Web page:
Yellow fever: UN aims to eradicate disease from Africa by 2026 | News | DW | 11.04.2018
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Yellow fever: UN aims to eradicate disease from Africa by 2026

The UN and partners have launched a plan to vaccinate 1 billion people against yellow fever in Africa. A mass vaccination campaign in West Africa is a model to eliminate the disease.

Nearly 1 billion people in Africa will be vaccinated against yellow fever by 2026, the UN said on Tuesday.

The goal is to eliminate the mosquito-borne viral hemorrhagic disease on the continent.

"With one injection we can protect a person for life against this dangerous pathogen," said World Health Organization (WHO) head Tedros Adhanom Ghebreyesus in Nigeria's capital Abuja. "This unprecedented commitment by countries will ensure that by 2026 Africa is free of yellow fever epidemics."

Read more:  What you need to know about yellow fever

Angola Markt in Luanda (picture-alliance/dpa/J. de Raeymaeker)

Yellow fever can spread quickly in dense urban areas.

The Eliminate Yellow fever Epidemics — or EYE strategy — is backed by African health ministers, WHO, the UN Children's Fund (UNICEF), Gavi and more than 50 partners.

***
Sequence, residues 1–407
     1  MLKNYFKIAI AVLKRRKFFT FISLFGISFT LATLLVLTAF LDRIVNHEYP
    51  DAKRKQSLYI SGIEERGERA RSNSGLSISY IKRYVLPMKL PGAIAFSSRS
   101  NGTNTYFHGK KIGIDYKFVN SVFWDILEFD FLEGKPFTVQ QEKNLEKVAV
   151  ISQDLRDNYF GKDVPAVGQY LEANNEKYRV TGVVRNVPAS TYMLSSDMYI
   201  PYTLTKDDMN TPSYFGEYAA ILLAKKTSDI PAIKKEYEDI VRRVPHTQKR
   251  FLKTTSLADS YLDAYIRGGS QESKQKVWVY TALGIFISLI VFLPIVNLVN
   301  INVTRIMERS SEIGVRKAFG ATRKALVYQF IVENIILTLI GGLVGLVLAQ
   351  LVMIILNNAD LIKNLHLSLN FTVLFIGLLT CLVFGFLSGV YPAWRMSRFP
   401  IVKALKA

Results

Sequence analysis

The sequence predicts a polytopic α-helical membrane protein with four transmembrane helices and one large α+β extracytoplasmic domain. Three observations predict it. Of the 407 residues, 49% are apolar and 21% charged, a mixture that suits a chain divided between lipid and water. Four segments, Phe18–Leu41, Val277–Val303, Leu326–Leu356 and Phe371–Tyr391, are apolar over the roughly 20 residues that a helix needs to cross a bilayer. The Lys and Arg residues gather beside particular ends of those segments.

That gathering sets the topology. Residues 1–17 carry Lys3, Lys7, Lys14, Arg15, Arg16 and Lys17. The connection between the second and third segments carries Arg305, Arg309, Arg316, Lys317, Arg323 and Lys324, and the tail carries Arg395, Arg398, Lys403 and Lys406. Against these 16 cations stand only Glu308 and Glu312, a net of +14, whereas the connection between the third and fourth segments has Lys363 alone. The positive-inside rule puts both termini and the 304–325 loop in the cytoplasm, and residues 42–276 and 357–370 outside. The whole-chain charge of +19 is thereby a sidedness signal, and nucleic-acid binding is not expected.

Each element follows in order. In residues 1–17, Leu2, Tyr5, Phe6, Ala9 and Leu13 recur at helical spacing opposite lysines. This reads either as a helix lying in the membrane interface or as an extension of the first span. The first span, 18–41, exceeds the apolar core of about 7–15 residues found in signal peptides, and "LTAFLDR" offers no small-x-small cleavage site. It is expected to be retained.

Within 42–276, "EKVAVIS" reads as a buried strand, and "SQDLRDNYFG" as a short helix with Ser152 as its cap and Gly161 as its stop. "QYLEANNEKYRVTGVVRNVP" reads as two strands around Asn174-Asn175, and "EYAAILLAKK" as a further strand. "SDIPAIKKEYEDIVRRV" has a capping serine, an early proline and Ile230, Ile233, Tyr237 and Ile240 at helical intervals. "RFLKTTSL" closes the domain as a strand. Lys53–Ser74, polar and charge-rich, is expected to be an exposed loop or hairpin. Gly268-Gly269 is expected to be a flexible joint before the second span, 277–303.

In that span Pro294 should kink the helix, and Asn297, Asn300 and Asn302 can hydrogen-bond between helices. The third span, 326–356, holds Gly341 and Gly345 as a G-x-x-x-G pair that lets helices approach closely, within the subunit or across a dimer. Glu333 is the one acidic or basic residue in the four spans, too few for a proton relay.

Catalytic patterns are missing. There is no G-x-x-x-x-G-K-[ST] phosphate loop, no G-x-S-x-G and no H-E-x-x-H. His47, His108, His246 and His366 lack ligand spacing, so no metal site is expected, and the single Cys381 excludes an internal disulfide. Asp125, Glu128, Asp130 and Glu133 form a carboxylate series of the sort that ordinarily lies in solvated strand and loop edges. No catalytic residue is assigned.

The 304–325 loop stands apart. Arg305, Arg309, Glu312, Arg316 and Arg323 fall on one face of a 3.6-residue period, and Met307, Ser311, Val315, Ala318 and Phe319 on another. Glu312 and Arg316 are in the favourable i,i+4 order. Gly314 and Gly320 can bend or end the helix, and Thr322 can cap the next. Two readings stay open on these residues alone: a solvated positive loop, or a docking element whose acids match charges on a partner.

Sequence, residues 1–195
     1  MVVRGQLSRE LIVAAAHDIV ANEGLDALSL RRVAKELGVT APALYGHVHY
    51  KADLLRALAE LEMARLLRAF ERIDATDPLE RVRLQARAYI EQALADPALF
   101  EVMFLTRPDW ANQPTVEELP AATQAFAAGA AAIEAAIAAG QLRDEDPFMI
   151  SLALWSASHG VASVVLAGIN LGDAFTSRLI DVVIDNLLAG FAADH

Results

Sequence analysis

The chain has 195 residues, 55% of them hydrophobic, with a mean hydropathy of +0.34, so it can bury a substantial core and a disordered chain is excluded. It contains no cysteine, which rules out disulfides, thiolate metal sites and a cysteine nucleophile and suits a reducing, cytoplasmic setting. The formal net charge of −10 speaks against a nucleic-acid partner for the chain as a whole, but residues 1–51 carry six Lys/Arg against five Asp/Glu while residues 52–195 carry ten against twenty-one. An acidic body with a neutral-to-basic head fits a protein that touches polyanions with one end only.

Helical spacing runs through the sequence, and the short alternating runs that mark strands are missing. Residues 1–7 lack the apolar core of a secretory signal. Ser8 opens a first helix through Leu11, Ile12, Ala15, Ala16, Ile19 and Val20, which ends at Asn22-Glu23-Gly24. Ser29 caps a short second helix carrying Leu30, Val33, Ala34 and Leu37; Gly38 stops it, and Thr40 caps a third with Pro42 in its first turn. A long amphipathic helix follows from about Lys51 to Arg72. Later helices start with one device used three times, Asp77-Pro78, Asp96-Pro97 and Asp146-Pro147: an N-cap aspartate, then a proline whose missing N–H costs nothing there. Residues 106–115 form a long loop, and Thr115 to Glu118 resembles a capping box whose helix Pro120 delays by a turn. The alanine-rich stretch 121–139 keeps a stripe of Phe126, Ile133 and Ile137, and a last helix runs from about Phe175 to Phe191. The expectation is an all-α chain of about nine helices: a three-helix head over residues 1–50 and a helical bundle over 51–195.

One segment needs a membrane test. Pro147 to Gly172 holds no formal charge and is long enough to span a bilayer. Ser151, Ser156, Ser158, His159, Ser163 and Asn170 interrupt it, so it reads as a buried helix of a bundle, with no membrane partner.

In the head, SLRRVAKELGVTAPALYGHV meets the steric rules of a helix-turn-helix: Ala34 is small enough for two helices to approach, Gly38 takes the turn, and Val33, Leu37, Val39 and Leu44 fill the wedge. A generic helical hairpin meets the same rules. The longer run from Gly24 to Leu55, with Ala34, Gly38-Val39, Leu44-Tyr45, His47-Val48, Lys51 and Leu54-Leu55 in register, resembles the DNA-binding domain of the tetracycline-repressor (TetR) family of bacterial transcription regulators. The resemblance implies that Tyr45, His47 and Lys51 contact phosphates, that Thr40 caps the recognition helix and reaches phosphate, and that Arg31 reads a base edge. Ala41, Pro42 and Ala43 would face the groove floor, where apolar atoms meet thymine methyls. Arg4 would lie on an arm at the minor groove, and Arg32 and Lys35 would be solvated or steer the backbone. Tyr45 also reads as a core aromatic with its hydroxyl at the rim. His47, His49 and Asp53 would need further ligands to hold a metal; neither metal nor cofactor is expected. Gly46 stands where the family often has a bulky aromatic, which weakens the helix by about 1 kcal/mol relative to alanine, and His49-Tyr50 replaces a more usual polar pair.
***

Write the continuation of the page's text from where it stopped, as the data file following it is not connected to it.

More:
Almost half those who will be vaccinated are children.

The mass vaccination plan comes after yellow fever outbreaks in densely population areas of Angola and the Democratic Republic of Congo killed some 400 people in 2016.

The risk of yellow fever outbreaks has increased due to population movements, urbanization and rising mosquito populations in urban areas triggered by climate change. 

Read more: Brazil's Rio state to vaccinate population against yellow fever 

Yellow fever epidemics occur when infected people bring the virus to heavily population areas with high mosquito density. It can also spread internationally.

According to the UN, efforts to eliminate yellow fever in the past have been successful.

A mass vaccination campaign in West Africa after yellow fever outbreaks in West Africa effectively eliminated the disease there.

There are about 200,000 cases of yellow fever every year, causing some 30,000 deaths, about 90 percent in Africa, according to WHO. 

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